Ridiculousness has reached another level that none of us could have ever predicted when Facebook was established in 2005 or before any popular social media platform that exists today. The AI selfie-generating mania has hit many popular social media platforms (particularly dating platforms), where users can create fake profile images that make them look better and more attractive.
This technology is still in its infant years, and many more controversies and interesting questions are bound to arise regarding the morality and legality of these applications. It’s all too blurry, and one could deduce that technology is moving too fast for us to keep up and control it.
AI has considerably impacted the online casino industry, where it’s used for good by enhancing graphics and players’ online experience. For instance, gamers heading to the 32Red play bonanza slot online may have some questions about registering their details and creating an account. For such questions, companies and customers find it much easier to use a chatbot as an intermediary. It gives the information necessary in a much quicker fashion than it would take a human employee to respond via phone or email.
Its use, then, has tangible rewards and benefits. However, for its use in developing fake selfies, should a line be drawn?
How Does It Work
A programme known as PhotoAI will take 12 to 20 of your passable, poorly taken, and badly lit selfies and generate a bunch of mock-up photos of yourself tailored to a platform or style of your choice. The Tinder photo AI package will make you look fabulous by beefing up your guns or sharpening your cheekbones. There’s even a LinkedIn package that’ll generate photos of you dressed in business attire or a suit.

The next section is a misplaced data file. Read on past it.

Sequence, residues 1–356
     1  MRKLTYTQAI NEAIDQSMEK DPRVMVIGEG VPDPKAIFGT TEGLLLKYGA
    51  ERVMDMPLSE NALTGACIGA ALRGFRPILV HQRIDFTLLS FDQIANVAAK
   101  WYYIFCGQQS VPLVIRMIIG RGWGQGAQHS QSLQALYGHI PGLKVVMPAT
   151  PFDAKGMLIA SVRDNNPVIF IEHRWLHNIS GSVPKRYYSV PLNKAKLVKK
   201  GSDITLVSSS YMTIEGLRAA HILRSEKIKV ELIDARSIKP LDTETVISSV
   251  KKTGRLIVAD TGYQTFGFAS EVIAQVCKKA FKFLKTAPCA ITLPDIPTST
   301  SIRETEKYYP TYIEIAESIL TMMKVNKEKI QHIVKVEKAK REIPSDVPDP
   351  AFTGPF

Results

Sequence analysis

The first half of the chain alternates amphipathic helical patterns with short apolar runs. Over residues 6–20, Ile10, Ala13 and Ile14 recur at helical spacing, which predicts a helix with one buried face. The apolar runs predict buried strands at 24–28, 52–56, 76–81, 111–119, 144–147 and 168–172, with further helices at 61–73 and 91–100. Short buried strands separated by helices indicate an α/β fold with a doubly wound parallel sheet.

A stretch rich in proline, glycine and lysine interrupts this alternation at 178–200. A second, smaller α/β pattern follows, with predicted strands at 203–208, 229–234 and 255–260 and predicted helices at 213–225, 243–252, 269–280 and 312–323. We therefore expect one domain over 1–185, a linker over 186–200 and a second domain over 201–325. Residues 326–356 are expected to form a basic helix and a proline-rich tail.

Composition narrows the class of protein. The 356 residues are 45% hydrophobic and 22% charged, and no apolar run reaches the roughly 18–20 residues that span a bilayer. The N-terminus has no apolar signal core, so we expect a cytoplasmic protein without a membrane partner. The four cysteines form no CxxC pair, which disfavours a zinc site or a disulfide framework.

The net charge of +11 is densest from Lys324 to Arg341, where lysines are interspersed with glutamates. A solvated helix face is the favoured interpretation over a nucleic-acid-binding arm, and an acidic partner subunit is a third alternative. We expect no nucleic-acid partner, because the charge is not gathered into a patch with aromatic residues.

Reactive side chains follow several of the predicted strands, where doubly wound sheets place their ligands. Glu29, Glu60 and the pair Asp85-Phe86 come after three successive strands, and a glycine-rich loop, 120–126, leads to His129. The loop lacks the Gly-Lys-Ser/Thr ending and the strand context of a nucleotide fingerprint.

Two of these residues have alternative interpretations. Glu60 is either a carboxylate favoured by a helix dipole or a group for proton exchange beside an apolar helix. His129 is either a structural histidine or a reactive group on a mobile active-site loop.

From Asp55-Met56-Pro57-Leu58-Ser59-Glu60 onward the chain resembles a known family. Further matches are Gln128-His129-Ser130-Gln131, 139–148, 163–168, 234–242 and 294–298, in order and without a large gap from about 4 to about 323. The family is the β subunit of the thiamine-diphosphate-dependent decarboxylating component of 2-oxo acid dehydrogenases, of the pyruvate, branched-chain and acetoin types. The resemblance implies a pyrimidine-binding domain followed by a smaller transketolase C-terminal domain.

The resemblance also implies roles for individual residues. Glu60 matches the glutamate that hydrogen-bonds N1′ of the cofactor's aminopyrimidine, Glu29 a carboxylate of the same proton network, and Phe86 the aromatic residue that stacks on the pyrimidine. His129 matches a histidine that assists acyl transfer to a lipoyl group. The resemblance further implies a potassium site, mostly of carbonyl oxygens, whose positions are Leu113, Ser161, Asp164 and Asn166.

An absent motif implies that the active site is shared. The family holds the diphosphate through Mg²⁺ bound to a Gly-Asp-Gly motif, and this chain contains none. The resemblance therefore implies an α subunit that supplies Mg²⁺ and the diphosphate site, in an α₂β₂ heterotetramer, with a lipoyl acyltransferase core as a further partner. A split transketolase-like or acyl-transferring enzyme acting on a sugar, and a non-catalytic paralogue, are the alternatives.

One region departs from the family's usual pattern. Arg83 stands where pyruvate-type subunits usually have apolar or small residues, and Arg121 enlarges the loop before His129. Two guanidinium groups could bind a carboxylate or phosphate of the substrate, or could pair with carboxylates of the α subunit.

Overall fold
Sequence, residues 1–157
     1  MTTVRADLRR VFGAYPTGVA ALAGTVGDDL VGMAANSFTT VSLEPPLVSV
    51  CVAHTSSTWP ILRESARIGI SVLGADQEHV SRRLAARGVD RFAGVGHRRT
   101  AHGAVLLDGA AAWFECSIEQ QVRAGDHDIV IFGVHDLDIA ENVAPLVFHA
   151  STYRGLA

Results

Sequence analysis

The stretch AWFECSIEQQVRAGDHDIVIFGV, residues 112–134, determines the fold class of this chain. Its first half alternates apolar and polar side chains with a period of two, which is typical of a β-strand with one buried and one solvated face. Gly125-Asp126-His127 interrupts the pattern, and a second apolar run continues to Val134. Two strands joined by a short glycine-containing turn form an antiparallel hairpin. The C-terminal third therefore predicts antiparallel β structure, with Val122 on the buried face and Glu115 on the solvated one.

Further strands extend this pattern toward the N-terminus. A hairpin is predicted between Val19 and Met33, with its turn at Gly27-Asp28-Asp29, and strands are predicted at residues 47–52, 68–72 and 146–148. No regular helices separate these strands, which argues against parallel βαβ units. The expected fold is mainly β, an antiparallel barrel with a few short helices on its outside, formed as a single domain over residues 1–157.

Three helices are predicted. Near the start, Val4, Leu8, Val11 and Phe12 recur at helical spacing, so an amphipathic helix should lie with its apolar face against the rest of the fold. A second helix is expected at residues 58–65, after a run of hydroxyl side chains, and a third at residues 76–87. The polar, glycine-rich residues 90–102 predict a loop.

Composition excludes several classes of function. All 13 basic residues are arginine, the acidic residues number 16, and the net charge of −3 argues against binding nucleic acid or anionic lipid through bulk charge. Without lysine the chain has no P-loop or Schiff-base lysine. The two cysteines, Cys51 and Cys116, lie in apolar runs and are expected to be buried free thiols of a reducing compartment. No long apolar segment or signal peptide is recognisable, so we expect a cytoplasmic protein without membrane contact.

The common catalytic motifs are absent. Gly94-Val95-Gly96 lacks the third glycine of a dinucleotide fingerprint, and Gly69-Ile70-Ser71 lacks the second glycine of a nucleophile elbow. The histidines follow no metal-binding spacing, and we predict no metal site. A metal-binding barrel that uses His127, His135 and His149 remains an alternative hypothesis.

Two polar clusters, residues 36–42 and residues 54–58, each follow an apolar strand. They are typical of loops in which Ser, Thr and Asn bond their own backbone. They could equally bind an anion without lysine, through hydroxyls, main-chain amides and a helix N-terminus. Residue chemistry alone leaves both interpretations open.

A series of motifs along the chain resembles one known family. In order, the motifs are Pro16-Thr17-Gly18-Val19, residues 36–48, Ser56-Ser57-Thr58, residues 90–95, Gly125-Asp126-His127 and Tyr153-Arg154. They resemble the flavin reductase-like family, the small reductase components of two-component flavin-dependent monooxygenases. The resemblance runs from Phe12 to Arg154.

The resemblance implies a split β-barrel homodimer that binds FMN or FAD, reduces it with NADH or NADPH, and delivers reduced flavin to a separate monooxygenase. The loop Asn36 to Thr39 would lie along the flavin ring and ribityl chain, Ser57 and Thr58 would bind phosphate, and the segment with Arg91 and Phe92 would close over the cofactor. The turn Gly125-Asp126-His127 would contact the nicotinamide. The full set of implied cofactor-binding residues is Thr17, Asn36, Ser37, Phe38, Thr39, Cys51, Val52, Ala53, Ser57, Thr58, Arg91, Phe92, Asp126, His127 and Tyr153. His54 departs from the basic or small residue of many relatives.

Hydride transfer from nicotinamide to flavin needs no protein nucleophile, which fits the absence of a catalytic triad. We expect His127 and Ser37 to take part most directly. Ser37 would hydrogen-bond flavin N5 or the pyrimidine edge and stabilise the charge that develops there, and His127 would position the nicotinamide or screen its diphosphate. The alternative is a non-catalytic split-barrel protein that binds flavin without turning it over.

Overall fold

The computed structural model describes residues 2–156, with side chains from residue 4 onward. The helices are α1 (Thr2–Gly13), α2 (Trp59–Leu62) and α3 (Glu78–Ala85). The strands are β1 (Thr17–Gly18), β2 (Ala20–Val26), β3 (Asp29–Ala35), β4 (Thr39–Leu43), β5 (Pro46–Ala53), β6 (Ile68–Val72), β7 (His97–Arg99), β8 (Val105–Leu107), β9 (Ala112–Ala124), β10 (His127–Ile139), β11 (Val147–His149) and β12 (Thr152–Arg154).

The Tinder package promises a response from admirers within 12 hours. Other options can generate memes for your selfies and create stylish portraits that resemble popular painting styles of artists. According to the operator, your fake portrait will be deleted after seven days. Guess that’s as long as your fake photo will last until your admirer meets you in person. So that makes sense, right?
The creator of this app (Sebastien Lhomme) explains that PhotoAI first fine-tunes your selfies by filtering images. Then the image is sent through a second filter that applies your chosen style. Finally, the image goes through Stable Diffusion (a text-to-image diffusion open-source model). Images are simply fed through this pre-existing image generator.
With the apparent controversies and absurdities aside, there have been some controversies. In their professional capacity, some artists have protested that their art styles have been used without permission. So as much fun fake selfies and modifying them may be for some, the legality and morality of using them are still unclear.
Additionally, it’s not 100% clear whether users employing AI technology to make themselves look irresistible violates the terms and conditions of dating applications. Aren’t there certain rules somewhere that state that users aren’t allowed to misrepresent themselves? It doesn’t seem to matter much since there’s nothing stopping a malicious person from catfishing an unsuspecting victim on any social platform.
The creator unequivocally states that he’s not responsible for how users use the photos that the application generates. He has pointed out that even without the help of PhotoAI, people have been using Photoshop and hiring freelance photographers that nip and tuck their photos.
The service does state in its terms of service that users aren’t allowed to upload images of other people or upload pornography or naked photos. In reality, there’s no way of regulating this in the real world. There have been advancements made in OpenAI that can filter and reject certain images. However, devoted users of Stable Diffusion have generated some questionable images.
Collaboration between developers and significant other parties will have to occur at some point. At the moment, it appears that users are responsible for the ethical use of this technology and their personal moral barometres to guide them.